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North Carolina Phenom 150 Session 3: Evaluation Team 6

 

Team 6

Coach Antonio Threadgill

 

#7: 5’7 ’22 Sam Hepler (Hickory, NC)

Starting things off, we look at a player that was able to contribute nicely throughout camp, Sam Hepler. He’s a young guard prospect that showed the ability to knock down shots and work well within the team concept. Hepler knows how to defer to others and when to take advantage of easy scoring opportunities. He worked hard on defense and should continue to grow on that end of the floor. Next in his development process is working to add strength, as it would allow him to become a more dynamic threat off the dribble. Coach Threadgill on Hepler: “Sam is a good passer and quality team defender. He moves his feet well on defense and operates nicely without the basketball. Sam is a smart player, but need to continue playing in order to develop his overall skillset. He can also work to add strength.” Hepler has some solid skills, but should continue working to maximize his skillset, especially given his young age.

 

#14: 5’9 ’21 Arun Somasundaram (Winston-Salem, NC)

Next, we look at a player that showed the ability to make his presence felt on both ends of the floor, Arun Somasundaram. He’s a wiry guard prospect that displayed a solid feel for the game. Somasundaram was able to knock down shots from the perimeter or make plays for others. Next in his development process is working to add strength, as it would allow him to be more assertive in hunting for his shot. Coach Threadgill on Somasundaram: “Arun did a great job of moving the basketball on offense and frequently looked to make the extra pass. He shoots it pretty well, but can continue to work on ball-handling and finishing strong around the rim. Arun understands what he can and can’t do on the floor and doesn’t overdo things.” Somasundaram knows how to play hard and within in his role, so it’ll be interesting to see his productivity over the coming years.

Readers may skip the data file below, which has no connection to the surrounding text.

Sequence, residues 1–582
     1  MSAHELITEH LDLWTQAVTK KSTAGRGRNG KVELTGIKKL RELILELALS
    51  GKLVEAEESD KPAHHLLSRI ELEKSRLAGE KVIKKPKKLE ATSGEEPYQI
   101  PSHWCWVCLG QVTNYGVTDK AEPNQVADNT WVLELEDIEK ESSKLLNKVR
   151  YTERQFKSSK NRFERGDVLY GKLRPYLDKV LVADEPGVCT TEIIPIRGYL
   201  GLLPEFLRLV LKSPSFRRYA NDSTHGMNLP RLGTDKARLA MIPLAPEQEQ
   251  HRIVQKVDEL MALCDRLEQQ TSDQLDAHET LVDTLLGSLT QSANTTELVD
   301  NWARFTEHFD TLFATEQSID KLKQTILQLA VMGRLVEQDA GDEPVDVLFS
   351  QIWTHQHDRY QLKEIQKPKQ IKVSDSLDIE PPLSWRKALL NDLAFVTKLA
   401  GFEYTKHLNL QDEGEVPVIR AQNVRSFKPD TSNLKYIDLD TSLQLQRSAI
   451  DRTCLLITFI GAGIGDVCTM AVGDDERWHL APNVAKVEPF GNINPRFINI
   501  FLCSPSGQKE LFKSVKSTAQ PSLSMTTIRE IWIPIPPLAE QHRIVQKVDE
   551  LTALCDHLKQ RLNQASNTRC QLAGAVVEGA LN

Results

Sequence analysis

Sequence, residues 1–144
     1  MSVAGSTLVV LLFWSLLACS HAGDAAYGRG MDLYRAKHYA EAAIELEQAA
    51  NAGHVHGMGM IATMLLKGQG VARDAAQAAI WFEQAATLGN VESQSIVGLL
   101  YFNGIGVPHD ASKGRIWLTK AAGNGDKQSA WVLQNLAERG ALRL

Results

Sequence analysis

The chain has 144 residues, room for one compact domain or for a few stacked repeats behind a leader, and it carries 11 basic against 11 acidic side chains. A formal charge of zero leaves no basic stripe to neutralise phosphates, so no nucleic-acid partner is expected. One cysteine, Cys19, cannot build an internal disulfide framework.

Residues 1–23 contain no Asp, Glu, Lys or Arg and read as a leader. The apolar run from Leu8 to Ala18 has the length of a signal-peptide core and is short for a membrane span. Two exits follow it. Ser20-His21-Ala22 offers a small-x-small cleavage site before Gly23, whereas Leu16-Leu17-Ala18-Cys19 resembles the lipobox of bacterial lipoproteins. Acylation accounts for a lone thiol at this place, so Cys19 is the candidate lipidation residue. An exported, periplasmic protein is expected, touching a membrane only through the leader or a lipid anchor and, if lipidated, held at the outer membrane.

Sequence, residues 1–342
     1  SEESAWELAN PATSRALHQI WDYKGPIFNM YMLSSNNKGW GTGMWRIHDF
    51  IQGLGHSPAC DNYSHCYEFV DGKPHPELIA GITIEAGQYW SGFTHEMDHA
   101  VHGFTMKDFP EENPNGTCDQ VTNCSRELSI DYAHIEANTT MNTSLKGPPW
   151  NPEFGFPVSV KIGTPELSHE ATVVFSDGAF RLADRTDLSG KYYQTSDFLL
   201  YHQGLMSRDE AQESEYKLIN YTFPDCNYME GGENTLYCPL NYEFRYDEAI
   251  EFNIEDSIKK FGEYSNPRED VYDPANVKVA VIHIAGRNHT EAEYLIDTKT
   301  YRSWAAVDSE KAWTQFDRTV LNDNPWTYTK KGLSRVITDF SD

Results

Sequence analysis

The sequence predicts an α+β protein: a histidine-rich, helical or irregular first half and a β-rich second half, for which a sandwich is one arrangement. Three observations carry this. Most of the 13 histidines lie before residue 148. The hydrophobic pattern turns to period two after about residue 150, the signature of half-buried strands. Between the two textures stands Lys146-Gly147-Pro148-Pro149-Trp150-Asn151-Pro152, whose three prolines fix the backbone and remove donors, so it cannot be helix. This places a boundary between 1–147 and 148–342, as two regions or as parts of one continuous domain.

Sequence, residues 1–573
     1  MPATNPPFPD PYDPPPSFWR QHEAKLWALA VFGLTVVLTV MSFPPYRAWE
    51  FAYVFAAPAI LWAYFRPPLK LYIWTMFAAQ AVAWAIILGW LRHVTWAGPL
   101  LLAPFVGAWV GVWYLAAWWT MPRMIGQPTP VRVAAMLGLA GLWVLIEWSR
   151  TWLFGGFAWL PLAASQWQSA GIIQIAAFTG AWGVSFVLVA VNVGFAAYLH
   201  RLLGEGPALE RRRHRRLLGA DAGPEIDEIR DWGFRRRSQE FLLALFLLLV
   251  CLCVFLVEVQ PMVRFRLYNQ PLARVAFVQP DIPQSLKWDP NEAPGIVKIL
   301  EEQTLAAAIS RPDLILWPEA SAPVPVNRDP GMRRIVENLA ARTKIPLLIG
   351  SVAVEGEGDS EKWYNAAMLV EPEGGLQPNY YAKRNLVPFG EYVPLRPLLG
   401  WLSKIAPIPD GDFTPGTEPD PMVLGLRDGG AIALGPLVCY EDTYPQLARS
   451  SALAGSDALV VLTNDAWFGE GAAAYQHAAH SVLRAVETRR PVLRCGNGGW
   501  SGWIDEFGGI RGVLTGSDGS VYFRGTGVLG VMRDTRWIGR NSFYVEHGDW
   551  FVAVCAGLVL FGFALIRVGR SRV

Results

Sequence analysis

#27: 5’10 ’22 Kaali McCullough (Rural Hall, NC)

Moving onto a player that highlighted his excellent foundation and intriguing array of skills during camp, Kaali McCullough. He’s a young guard prospect with a solid frame and the ability to overwhelm opponents with his energy on both ends of the floor. McCullough is a capable three-level scorer, but typically looks to create easy scoring chances for teammates. He displayed a solid feel for the game and was able to force multiple turnovers on defense. Next in his development process is working to become a more consistent three-point shooter, as it would make him a very intriguing two-way prospect, especially for his age. Coach Threadgill on McCullough: “Kaali had one of the best attitude in camp, always asking what he could do to get better. He always plays the game with great effort and runs the floor very well in transition. Kaali finishes nicely around the basket and communicates well on the defensive end. He plays the game very unselfishly.” McCullough showed a lot of translatable skills at camp, but his attitude and intangibles will always make him a favorite amongst coaches.

 

#34: 5’11 ’21 Noah Watkins (Asheboro, NC)

Continuing onto a player that was able to consistently elevate his game throughout the day, Noah Watkins. He’s a guard prospect that offered a nice blend of ball-handling, scoring, and creating for others. Watkins showed the ability to defend within the team concept and contain his assignment. Next in his development process is working on his ability to create for others, as it would make him an especially intriguing point guard prospect. Coach Threadgill on Watkins: “Noah played a lot better in the second half of the day. He’s a good ball-handler that was able to get to the basket. He performs better as an off-ball threat than as an on-ball creator. He did a good job of hustling and pursuing loose balls. I would like to see him work on not overdribbling the basketball when slotted at the point guard position.” Watkins showed a lot of intrigue during his time at camp and should continue working to refine his two-way skillset going forward.

 

#42: 6’0 ’19 Jaelen Whitley (Charlotte, NC)

Next, we look at a player that was able to bother opponents in a wide variety of ways, Jaelen Whitley. He’s a strong-bodied guard prospect that showed the ability to score efficiently from all levels while constantly creating for others. Whitley possesses excellent quickness and it shows on both ends of the floor, as he’s able to enter the paint whenever he desires on offense while mirroring his assignment on defense. Next in his development process is working to better utilize his strength advantage against smaller guards around the basket. Coach Threadgill on Whitley: “Jaelen is skilled and possesses a dog-like mentality on defense. He’s very good with the ball in his hands, able to make plays for himself and others. He’s a great finisher at the rim and uses his body to ward off defenders in order to get a clean shot off.” Whitley is a very skilled and well-rounded player, which should certainly allow him to be among the main two-way contributors for his high school during the upcoming season.

 

#57: 6’1 ’19 Dylan Jones (Rougemont, NC)